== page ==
Book cover: Rebelmusic

Jazz and Islam: A Retrospective Series (P. 6 – Final)

The Musicians 

Text by Dawoud Kringle

This continued series explores the relation between jazz and Islam. In this installment, I am continuing the presentation of the biographies of Muslim jazz artists.

Idris Muhammad was born Leo Morris in New Orleans (1939-2014). He began playing the drums at age 8. Before he reached the age of 21, he’d recorded with Sam Cooke and Jerry Butler, and was a respected session drummer for record labels such as Imperial, Specialty, and Ace. In the 1960s his music experienced a profound change due to the influence of John Coltrane. This led to a synthesis of R&B and jazz. He worked with Lou Donaldson 1965-67. In 1969-73 He worked as drummer for the Broadway musical “Hair” and 1970-72, he was the house drummer for Prestige Records. His releases as a leader include “Black Rhythm Revolution”, “Peace and Rhythm”, “Kabsha”, “My Turn”, and “Right Now”. Muhammad has performed or recorded with Larry Williams, Jerry Butler, Curtis Mayfeild, Sonny Stitt, Charles Earland, Gene Ammons, Pharoah Saunders, Roberta Flack, John Hicks, Randy Weston, Jamil Nassr, John Scofield, Roberta Flack, Johnny Griffin, George Coleman, Randy Brecker, his wife, vocalist Sakinah Muhammad, and countless others.

Melvin Sparks-Hassan (1946-2011) began his career at the age of 12 playing with B.B. King. He toured and performed with Sam Cooke, Wilson Picket, Marvin Gaye, Solomon Burke, The Supremes, Steve Wonder, and others. He had also recorded with Grover Washington Jr., Lou Donaldson, Hank Crawford, Jimmy McGriff, Jack McDuff, and the Muslim Vanguard. Like Idris Muhammad, he became adept at the synthesis of R&B and jazz, as well as being a master jazz and blues guitarist.

Drummer, songwriter, and producer Jesse “Cheese” Hameen II was born in 1941 in New Haven, CT. With early exposure to gospel, Afro-Cuban music, R&B, and jazz, Hameen began his professional career in 1963. The list of people he has performed and recorded with since then is too long be included here in its entirety. A sample list would include Grover Washington, Jr., Lena Horn, Stanley Turrentine, Curtis Mayfield & The Impressions, Charles Earland, Jimmy Witherspoon, Hank Crawford, Lou Donaldson, Etta Jones, Tommy Flanagan, Leon Thomas, Pharoah Saunders, Kenny Burell, Brook Benton, Melvin Sparks-Hassan, Doug & Jean Carn, Lonnie Smith, Kenny Baron, David “Fathead” Newman, Benny Powell, Jimmy McGriff, George Benson, Jimmy Witherspoon, James “Blood” Ulmer, Freddie Hubbard, Tito Puente, Kenny Barron, Larry Young, Rene McLean, Mulgrew Miller, Lonnie Plaxico, Bob Cunningham, Hakim Jami, and Juini Booth. In 1976, he founded Inspire Productions. Hameen is also an adjunct professor at the Hartford Conservatory of Music, and is a member of the faculty at the Neighborhood Music School.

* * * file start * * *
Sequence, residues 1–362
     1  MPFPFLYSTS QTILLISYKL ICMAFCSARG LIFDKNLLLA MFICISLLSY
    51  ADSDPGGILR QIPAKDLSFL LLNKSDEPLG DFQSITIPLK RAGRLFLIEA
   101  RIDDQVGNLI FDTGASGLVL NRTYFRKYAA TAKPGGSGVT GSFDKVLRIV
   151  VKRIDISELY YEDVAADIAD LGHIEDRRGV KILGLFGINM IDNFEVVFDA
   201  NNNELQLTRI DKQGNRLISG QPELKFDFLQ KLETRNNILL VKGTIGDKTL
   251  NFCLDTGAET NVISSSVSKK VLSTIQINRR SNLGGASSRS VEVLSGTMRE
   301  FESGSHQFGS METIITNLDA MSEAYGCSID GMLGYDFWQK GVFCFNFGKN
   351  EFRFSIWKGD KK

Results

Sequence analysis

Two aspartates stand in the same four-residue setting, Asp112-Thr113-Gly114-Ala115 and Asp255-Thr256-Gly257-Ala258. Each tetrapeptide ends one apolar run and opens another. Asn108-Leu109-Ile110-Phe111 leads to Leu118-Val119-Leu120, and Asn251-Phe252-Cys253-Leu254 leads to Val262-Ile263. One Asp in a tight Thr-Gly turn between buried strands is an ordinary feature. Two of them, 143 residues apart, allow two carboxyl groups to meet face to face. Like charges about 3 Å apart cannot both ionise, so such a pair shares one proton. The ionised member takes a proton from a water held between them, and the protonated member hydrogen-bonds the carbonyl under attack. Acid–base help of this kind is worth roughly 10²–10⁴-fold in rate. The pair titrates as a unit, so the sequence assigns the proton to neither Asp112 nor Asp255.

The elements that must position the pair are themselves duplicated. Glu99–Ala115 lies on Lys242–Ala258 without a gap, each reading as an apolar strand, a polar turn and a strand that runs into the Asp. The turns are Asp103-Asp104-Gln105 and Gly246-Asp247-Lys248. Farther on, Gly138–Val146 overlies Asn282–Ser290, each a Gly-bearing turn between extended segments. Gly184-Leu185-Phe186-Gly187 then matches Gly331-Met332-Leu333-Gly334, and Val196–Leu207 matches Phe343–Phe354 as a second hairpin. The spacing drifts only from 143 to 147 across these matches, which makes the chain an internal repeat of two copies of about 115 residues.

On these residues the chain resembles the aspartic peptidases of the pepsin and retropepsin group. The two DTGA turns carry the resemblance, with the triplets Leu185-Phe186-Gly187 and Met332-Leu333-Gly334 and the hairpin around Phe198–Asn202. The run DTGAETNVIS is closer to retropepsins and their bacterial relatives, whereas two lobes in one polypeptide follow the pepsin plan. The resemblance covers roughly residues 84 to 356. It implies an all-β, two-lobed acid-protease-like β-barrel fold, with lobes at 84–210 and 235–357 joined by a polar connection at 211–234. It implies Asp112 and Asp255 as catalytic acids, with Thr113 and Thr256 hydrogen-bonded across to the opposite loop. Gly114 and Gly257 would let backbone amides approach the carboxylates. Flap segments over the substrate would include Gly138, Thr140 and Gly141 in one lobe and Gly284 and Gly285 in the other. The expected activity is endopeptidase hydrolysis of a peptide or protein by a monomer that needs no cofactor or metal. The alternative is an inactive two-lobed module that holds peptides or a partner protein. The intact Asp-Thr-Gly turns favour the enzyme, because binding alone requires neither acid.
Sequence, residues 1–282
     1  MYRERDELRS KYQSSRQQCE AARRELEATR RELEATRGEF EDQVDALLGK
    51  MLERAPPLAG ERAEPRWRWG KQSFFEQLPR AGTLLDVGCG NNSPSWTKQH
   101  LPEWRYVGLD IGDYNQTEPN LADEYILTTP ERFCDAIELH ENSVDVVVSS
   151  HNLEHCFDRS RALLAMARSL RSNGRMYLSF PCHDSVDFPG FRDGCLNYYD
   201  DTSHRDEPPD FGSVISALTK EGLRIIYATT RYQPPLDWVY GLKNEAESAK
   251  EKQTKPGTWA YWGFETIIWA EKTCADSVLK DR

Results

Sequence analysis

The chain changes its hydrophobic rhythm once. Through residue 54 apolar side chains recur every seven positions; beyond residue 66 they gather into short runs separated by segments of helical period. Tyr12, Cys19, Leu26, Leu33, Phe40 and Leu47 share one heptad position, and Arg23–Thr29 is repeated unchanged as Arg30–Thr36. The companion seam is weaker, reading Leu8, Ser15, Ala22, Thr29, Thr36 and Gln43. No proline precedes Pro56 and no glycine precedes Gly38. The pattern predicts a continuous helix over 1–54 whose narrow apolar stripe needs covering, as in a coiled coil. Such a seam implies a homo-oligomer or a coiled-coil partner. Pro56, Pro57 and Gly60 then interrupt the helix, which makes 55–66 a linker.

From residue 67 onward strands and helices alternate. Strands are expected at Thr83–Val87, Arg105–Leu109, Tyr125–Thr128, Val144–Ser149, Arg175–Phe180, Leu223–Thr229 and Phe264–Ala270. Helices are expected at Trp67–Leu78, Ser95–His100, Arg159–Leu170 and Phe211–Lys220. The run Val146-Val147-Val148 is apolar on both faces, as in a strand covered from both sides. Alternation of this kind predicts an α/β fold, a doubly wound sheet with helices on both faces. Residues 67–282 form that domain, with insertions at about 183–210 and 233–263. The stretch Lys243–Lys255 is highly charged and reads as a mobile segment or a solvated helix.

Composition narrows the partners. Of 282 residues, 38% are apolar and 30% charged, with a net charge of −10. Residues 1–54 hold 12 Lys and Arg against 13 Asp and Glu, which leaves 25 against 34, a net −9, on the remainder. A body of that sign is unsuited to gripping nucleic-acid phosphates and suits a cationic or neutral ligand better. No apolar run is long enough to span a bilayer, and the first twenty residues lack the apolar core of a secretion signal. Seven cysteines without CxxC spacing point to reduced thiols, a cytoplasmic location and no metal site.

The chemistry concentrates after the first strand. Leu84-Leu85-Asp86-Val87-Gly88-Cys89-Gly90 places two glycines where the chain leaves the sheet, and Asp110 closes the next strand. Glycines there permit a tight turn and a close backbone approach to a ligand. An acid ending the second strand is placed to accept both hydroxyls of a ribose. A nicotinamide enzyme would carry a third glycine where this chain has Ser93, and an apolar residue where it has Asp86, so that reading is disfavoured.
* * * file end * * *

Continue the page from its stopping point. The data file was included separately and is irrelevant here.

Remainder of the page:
Bassist Juini Booth (born February 12, 1948) began playing piano at age eight, and switched to bass at 12. He worked with Chuck Mangione in his hometown of Buffalo, NY in 1964-65 before moving to New York City around 1966. He later played with Eddie Harris, Art Blakey , Sonny Simmons, Marzette Watts, Freddie Hubbard, Gary Bartz, Tony William’s Lifetime, McCoy Tyner, Larry Young, Hamiet Bluiett, Chico Freeman, Elvin Jones, Joe Chambers, Sun Ra, and Rahsaan Roland Kirk. He earned a reputation as a master of both electric and upright bass.

Rashied Ali (a.k.a. Robert Patterson) was born in Philadelphia in 1933. He studied at the Granoff School and played with various R&B and jazz groups. In 1963, he toured Japan with Sonny Rollins and moved to New York where he played with Pharoah Sanders, Paul Bley, Albert Ayler, Sunny Murry, Sun Ra, and others. His work with John Coltrane began in 1965; with whom he recorded and performed, including a tour of Japan. After Coltrane’s death in 1967 he worked with his widow Alice Coltrane and as a leader. In 1972 he helped organize the New York Musicians Festival and in 1973 formed Survival Records. This was part of his efforts to help musicians gain control of their careers and remain self-sufficient. He opened a “loft” club and recording studio called “Ali’s Alley” in 1973, and later played with Milford Graves and Andrew Cyrille in the “Dialogue of the Drums” concert series. His style of drumming freed the drums from the strict role of timekeeper, and places the drums in the role of melodic improviser. His stint with John Coltrane and his ability to play polyrhythms and “multidirectional” rhythmic patterns earned him great respect. During his career he also worked with Alice Coltrane, Bill Dixon, Archie Shepp, Big Maybelle, Earl Hines, Bud Powell, Marion Brown, Sun Ra, Leroy Jenkins, and others.

(Much of the material in this series is from my as yet unpublished book A Garden of Air and Light: The Relationship Between Music and Islamic Spirituality and Culture (c). 2004. Used by DBDBD NY & MFM by permission of the author).

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